Your Guide to Early Stages of Labour Known as The Latent Phase
This could be called the ‘is my baby really coming?’ stage. Sometimes you are not quite sure. ‘Is it?’ ‘Isn’t It?’ ‘I think it may have stopped.’ ‘No, I really think this is it.’ ‘Yes, it definitely is.’ That is often the sort of feeling you have.
I taught KG Hypnobirthing to an Italian lady who, in early labour, went to watch her nieces swimming, did the laundry, had a beautician appointment. All pleasant things which did no dissipate energy that she would need later to give birth to her baby but kept her happily occupied. If you don’t happen to have nieces who are swimming at the appropriate time, have done the laundry the day before, and haven’t by coincidence booked a facial, there are other simple and positive ways you can approach this stage of labour.
Labour Cannot Be Divided Into Stages
The first thing to remember is that labour is not divided into stages, any more than the growth of a child is divided into stages, though we can look back later and see that she was a baby, and then a toddler, and then a little girl, etc. etc. At the time you cannot say from one day to the next, ‘Today she has become a toddler.’ The growth of a child is a natural continuum. The progress of labour is also a natural continuum. We give that progress labels for administrative convenience, but the reality is that it has its own rhythm and its own time frame which is different for everyone.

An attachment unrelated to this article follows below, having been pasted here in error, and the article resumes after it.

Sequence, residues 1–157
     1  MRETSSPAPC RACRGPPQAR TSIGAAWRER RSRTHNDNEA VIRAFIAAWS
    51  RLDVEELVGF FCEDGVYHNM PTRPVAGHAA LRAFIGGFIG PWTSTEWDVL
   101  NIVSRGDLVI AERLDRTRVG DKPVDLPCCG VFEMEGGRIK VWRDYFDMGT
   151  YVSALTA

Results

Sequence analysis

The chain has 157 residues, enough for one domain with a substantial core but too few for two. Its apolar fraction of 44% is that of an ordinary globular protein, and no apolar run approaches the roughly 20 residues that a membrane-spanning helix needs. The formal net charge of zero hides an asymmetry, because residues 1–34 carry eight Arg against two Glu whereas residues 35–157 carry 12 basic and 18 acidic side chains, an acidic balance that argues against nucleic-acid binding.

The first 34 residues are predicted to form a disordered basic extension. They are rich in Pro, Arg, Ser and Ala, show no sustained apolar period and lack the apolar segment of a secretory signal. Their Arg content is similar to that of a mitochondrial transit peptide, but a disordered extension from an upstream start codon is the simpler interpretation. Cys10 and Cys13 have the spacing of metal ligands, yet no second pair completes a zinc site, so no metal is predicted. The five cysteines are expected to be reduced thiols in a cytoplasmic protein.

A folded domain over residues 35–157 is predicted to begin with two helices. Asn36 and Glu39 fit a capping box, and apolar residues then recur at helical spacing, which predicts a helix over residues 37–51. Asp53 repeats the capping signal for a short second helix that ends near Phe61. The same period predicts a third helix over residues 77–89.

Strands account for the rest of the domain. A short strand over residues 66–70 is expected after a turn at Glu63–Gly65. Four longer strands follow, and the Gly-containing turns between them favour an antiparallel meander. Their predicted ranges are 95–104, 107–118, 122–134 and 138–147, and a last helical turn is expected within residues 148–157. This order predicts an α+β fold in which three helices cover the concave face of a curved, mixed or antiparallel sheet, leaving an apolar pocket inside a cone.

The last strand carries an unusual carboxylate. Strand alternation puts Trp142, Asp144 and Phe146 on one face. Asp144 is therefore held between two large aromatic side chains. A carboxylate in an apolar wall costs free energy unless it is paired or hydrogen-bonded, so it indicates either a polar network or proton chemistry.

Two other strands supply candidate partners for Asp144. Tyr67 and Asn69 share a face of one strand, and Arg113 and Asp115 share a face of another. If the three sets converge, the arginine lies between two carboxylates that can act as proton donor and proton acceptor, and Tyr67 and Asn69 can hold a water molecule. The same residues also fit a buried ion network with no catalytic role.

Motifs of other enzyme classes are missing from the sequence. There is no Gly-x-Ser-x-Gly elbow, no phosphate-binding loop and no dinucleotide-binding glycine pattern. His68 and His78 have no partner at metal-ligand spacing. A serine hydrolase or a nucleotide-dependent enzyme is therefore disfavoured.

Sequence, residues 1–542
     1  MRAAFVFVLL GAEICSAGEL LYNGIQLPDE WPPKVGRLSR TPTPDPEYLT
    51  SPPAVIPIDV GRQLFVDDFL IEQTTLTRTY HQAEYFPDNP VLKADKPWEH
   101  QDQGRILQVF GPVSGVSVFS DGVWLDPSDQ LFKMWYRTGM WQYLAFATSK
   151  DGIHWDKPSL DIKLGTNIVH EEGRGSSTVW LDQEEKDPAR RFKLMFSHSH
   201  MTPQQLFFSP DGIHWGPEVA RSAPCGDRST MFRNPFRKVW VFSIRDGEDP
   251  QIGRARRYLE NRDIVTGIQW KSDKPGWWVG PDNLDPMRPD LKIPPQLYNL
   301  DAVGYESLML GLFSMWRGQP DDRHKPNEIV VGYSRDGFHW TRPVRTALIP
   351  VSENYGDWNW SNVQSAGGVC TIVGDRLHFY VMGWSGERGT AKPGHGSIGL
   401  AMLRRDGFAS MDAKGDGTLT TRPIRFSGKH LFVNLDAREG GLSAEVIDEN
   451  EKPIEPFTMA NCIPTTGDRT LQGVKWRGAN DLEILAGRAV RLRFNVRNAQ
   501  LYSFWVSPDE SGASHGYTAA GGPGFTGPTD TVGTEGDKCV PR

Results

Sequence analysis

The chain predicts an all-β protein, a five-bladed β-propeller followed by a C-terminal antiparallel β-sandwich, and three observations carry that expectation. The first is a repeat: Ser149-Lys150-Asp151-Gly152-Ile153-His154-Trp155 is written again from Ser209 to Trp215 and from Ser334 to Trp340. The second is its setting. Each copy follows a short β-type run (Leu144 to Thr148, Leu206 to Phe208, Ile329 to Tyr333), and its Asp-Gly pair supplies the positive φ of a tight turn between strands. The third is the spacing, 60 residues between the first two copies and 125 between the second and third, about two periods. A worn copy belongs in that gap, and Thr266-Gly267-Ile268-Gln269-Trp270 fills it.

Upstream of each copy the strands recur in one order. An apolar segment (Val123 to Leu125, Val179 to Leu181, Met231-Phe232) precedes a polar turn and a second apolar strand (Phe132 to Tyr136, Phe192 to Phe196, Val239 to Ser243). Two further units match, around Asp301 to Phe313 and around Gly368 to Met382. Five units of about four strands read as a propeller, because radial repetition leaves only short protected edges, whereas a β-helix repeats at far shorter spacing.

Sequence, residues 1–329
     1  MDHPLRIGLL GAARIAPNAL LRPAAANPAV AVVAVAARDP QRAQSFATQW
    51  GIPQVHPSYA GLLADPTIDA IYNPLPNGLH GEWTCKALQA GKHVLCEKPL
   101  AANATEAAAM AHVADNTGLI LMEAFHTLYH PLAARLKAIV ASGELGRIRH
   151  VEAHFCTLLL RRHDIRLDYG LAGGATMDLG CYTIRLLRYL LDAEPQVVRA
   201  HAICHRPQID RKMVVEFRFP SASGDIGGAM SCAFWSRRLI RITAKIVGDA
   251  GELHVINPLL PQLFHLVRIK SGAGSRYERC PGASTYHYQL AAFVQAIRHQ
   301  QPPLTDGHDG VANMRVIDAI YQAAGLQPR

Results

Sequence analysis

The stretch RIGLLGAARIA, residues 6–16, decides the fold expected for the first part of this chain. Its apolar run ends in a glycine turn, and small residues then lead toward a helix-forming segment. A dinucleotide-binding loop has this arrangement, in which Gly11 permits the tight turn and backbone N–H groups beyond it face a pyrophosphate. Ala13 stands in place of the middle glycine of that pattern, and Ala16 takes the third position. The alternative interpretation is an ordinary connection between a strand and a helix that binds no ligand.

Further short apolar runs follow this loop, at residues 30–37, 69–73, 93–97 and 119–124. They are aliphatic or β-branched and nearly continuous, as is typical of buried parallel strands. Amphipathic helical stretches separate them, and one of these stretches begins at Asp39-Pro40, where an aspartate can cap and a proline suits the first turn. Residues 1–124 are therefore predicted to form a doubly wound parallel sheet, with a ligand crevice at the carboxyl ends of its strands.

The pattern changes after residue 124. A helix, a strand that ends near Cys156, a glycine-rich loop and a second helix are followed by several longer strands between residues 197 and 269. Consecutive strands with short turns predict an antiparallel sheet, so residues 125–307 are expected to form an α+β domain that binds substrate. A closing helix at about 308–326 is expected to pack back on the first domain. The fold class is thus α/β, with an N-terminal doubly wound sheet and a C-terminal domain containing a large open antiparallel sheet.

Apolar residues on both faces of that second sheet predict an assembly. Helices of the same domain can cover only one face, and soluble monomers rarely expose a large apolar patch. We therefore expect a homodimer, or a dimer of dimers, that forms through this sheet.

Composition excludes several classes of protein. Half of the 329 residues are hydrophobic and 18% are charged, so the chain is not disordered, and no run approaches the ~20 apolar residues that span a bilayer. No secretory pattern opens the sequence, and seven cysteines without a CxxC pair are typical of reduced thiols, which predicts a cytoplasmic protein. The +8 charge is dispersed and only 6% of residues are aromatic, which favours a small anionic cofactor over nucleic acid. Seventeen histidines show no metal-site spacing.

The important thing is to do what is right for you to help you begin labour with a calm mind and a relaxed body.
Keep Yourself Hydrated
Now and throughout labour make sure that you do not become dehydrated as neither the mind nor the body work well when you are dehydrated. The best drink of all is water. This doesn’t mean you should drink copiously. It simply means that it is a good idea to have a jug of water beside you with a glass that you can keep topped up whenever you wish. You know perfectly well that, if you have water on your desk at work, by the end of the morning you will probably have drunk it all. If it is not there, by the end of the morning you feel dehydrated and are gasping for a drink of water, because the water wasn’t beside you as a gentle reminder as you needed it. Avoid that happening when you are giving birth by having water available beside you all the time. It is a good idea to make sure you have a drinking straw available, then you can easily drink whatever position you find comfortable at that tmoment and if, for example, you are comfortable on your hands and knees labour doesn’t have to be disrupted for you to have a sip of water.
Eat light snacks whenever you feel like it to keep your energy up. You might feel like eating a banana (which helps to give you energy, produce serotonin (the calm hormone), reduces blood pressure, yoghurt, an egg, or whatever you fancy. Protein bars can be good too.
Keep Calm and Relax